On the eighth day of our 12 Days of Self-Care series, Dr. Megan Connell teaches us the techniques involved in practicing gratitude. For more helpful tips on coping with common stresses of the holiday season and the transition into the new year, check back every day.
Tis’ the season when we are inundated with commercials showing us the newest, shiniest gifts, from new cars with oversized bows on them to expensive TVs and other gadgets. These ads are designed to get us to look at what we have and think, “this isn’t enough, this isn’t making me happy.” The problem is that things don’t make us happy. Things can increase our pleasure for a time, but our brains will quickly habituate. What was shiny and new becomes the old and mundane. If we aren’t careful, we can get caught up in a never-ending consumer quest to find the one thing that will make us happy. How do you avoid this trap of desire? One simple method is to practice gratitude.
Gratitude is the art of being thankful for what you have. Practicing gratitude is not something that comes easily or naturally. Our brains are designed for survival, and part of surviving is ensuring we have what we need. Fixating on what we don’t have is our brain’s way of keeping us focused on that goal. One of the problems that we face in the modern world is that often, we fixate on things that we don’t need for survival. So, while our brain might be fixated on a 4k gaming monitor, we do not need that to survive (well, I mean, it might up the chances of my avatar surviving…). Gratitude is a helpful way to allow our brain to re-focus on what we do have, and encourage it to appreciate what is around us.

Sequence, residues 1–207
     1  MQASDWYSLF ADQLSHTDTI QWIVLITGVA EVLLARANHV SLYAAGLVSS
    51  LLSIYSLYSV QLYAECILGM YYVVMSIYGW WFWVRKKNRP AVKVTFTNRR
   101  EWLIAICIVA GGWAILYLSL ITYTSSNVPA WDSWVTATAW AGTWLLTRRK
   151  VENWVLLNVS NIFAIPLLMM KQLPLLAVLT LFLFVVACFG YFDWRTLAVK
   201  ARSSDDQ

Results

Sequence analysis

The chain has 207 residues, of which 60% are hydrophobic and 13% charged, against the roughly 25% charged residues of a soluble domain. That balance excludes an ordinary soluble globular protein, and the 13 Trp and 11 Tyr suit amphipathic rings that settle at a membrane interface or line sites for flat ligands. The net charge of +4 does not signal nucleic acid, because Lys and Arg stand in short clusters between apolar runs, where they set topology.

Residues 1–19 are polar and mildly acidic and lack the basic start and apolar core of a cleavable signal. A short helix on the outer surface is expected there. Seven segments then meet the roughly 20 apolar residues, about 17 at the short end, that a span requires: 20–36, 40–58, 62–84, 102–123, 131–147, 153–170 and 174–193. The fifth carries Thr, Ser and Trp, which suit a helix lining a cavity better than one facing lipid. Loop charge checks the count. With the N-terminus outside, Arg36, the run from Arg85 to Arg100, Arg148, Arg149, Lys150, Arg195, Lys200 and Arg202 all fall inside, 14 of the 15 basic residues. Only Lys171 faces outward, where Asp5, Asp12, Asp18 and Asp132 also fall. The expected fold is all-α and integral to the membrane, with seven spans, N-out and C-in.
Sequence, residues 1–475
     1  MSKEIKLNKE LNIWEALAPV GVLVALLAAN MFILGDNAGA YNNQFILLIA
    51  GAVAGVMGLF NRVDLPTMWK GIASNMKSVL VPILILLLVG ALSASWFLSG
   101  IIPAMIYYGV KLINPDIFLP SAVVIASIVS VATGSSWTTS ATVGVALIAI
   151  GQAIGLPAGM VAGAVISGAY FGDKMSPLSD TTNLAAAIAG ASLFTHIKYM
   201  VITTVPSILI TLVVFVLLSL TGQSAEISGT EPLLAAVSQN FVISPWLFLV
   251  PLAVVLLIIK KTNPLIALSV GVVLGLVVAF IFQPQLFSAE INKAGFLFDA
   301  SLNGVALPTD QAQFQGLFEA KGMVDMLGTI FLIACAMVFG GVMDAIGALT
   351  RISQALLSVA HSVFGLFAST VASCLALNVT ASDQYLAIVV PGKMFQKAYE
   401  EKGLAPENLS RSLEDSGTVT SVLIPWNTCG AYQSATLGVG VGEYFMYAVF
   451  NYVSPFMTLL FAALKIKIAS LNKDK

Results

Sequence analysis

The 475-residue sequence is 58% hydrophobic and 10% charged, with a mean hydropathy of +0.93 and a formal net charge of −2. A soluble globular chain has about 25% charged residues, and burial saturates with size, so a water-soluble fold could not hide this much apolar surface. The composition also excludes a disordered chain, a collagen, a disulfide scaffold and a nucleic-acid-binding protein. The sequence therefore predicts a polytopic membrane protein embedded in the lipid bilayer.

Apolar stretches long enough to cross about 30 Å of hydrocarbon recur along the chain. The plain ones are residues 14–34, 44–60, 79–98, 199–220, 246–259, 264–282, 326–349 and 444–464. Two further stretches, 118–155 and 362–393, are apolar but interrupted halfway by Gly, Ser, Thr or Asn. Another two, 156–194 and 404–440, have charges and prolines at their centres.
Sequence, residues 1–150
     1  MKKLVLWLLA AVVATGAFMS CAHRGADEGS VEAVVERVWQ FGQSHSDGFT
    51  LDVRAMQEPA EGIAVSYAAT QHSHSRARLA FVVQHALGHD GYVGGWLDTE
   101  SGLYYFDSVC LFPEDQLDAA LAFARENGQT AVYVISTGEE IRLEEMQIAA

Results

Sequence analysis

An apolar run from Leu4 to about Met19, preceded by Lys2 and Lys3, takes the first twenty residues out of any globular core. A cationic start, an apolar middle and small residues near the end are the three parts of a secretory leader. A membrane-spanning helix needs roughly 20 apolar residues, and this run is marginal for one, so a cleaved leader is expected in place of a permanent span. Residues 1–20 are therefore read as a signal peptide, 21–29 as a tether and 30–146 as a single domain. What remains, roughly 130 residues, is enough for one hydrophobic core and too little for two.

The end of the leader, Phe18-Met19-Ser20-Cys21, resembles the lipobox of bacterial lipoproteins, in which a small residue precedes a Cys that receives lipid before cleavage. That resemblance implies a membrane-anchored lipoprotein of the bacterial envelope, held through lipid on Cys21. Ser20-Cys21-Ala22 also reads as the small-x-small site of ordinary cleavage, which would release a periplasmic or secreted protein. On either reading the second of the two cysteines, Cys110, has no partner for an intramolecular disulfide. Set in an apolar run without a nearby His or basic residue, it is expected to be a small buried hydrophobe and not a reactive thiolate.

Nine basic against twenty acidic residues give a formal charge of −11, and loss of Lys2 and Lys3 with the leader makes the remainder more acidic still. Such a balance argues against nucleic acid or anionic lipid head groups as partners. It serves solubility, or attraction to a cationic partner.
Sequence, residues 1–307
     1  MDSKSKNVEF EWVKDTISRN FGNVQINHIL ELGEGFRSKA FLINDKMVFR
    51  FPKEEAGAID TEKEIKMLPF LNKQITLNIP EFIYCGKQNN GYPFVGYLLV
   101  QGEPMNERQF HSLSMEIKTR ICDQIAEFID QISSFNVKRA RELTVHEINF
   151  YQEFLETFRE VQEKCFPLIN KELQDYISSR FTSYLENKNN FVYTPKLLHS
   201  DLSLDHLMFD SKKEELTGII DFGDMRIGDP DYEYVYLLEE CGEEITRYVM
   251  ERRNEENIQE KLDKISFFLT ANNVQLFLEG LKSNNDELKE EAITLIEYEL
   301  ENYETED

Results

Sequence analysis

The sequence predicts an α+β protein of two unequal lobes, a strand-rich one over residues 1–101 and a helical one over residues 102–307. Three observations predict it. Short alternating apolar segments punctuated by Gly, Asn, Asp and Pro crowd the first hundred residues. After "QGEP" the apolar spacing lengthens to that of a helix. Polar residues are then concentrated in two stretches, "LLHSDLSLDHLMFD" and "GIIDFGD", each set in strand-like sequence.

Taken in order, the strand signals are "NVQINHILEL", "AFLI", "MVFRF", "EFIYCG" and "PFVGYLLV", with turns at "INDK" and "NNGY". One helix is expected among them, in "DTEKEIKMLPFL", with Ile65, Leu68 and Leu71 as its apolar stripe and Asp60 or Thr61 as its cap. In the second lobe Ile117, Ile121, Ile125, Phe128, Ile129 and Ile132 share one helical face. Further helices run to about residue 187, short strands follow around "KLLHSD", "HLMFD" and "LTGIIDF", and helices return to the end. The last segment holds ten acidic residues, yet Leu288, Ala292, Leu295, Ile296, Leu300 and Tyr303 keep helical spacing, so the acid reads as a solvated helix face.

How to practice gratitude
To practice gratitude, try to find three or four things around you that you can be grateful for. It helps if those things are either needed for survival or make survival much easier. For example, being grateful for having a safe place to sleep, joints that don’t hurt, shoes that fit, a thermostat that regulates temperature, food to eat, clean water to drink, hot water to wash in, glasses that correct your vision, good books to read, and so on.
When you’re practicing gratitude, take a moment to imagine your life without the thing you are grateful for. For an example, if you’re grateful about your feet, you could think about how many steps you have taken that day, all the places you have been able to go because you could walk easily. If you have had a bad cold this season and don’t any longer, take a moment to take a deep breath and recall how difficult that was to do when you were ill. Reflect on how nice it is to breath without coughing or having congestion. Or even to focus on modern convinces, such as cars that allow us to live more than five miles from where we work, and enable us to quickly and (relatively) safely travel hundreds of miles in a single day.
When you practice gratitude, do so several times a day. Try to find three things you can be grateful for every two to three hours. The more you intentionally practice gratitude the more natural it becomes for your brain to shift to noticing the things you do have than fixating on what you do not have.
Remember; keep up the practice! As it is our brain’s natural tendency to habituate to the good and focus on what we do not have, you have to be intentional about your practice of gratitude. Also, as a bonus, try being grateful for the people around you. Let the people you are grateful for know that you feel that way. Sometimes, being told what you mean to someone can mean more than any gaming monitor or gadget.